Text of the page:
There was a time when...

There was a time when privacy violations were considered a serious matter. During colonial times (yes, it's been that long) the British would issue general warrants (discussed here) which essentially gave the people executing the warrant broad power to search for contraband or make arrests, without specifying what contraband was being searched for (or why) or the reason for an arrest. To do away with this generally detested practice, the fourth amendment was written to require that:

The right of the people to be secure in their persons, houses, papers, and effects, against unreasonable searches and seizures, shall not be violated, and no Warrants shall issue, but upon probable cause, supported by Oath or affirmation, and particularly describing the place to be searched, and the persons or things to be seized.

Truly, it appears that the late 18th century was a heady time for privacy. By contrast, today, government seems to take the same approach to information gathering as some people do with climbing Everest - they don't need a good reason, they just do it because it's there. The stated reason given for most intrusions is to prevent terrorism, but this is largely bunk. Take this plan to photograph and store the license numbers of every vehicle that enters Manhattan. If I were a terrorist who wanted to bring a bomb into Manhattan, this plan would be no deterrent whatsoever, as I would simply rent a car. This would have the advantages (from the terrorist point of view) of both being anonymous, and probably being large enough to carry more explosives than I can fit into my actual car. So why is there a plan to gather this data? My guess is that someone in government thought it would be cool, and some vendor wanted to sell a new toy, and no one even considered that broad scale, suspicionless data collection is not something that government should be involved in. *sigh*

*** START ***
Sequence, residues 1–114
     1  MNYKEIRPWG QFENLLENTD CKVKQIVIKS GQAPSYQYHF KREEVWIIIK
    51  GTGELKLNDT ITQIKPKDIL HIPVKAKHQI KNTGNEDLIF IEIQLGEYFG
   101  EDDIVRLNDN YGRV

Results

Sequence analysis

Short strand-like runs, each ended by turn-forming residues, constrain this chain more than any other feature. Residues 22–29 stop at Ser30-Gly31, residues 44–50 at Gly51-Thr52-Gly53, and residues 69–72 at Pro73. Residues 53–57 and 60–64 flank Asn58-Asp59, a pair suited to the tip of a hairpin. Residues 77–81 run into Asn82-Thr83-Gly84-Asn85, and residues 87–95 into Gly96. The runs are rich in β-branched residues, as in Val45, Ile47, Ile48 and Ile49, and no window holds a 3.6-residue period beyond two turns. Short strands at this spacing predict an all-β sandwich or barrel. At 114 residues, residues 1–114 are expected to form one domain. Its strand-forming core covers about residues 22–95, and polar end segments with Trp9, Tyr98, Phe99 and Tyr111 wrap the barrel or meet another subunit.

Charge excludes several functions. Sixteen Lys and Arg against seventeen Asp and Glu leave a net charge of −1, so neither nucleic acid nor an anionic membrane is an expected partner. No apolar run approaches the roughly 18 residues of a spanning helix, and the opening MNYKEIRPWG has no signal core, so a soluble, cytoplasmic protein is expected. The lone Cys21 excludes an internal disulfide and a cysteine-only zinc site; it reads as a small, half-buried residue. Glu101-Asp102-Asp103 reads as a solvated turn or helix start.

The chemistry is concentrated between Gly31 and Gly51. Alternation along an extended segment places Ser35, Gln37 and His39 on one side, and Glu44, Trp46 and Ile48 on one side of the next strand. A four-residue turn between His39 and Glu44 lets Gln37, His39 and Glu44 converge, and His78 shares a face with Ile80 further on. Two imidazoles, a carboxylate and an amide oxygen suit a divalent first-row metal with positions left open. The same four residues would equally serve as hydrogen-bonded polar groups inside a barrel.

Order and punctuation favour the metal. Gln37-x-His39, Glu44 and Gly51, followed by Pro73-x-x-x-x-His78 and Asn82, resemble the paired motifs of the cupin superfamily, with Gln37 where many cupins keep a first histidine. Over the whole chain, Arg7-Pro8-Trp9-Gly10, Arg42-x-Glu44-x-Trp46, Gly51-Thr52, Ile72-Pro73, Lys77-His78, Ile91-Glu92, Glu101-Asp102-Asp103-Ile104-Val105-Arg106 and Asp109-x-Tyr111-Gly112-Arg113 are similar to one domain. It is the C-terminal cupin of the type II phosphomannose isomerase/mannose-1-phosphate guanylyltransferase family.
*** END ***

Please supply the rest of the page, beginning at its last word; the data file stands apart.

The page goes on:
On the bright side, during the late 18th century I would have had to worry about things like yellow fever, and or malaria, so I suppose it all evens out in the end.

Thursday, August 7, 2008

Drawing the Wrong Lessons from a Breach

The other day, I was listening to the radio, and a commentator said that the most significant harm that could come from a major breach like the TJX breach was not identity theft, but was actually people losing faith in doing business over the internet. Frankly, I'm not sure he was right, given that identity theft is a major problem for consumers. However, while it might not be the biggest harm from a breach, losing faith in doing business over the internet would be an inappropriate response to a breach like that at TJX for the simple reason that the internet had nothing to do with that breach. Instead, the hackers found stores which had unsecure wireless connections, used them to install malicious software on the TJX corporate network, then used the software to harvest credit cards from TJX's systems. The internet didn't come into play until after the cards were stolen and the thieves needed to sell them. While avoiding doing business over the internet might avoid some types of risks (particularly phishing scams), it would have no effect whatsoever on a consumer's risk of being affected by a breach such as took place at TJX.

Wednesday, August 6, 2008

Hackers Caught

As described in this article from cnn.com, the justice department has issued 11 indictments for stealing more than 40 million credit and debit card numbers. Unsurprisingly given the nature of the crime the suspects are from all over the world - three from the U.S., three from Estonia, two from Ukraine, two from China, and one from Belarus. The arrests are the result of years of investigation, showing both the difficulty of making arrests in cases of international card fraud, and the potential of dedicated police work.

One question raised by the article is how many more people were involved. The article says that "[t]he 41 million credit and debit numbers were used internationally," and also says that the suspects are accused of hacking into the TJX network. There's something of a disconnect between the numbers and the crime. As I mentioned here, depending on whose numbers you go by, the TJX breach involved either 94 or 45 million records. Thus, if the indicted suspects really were behind the breach, and actually did steal only 41 million numbers, it implies that they aren't the only ones who were taking numbers from TJX. Still, aside from that small detail, the indictments appear to be happy news. Hopefully the police got the right people, and will continue to do so in the future.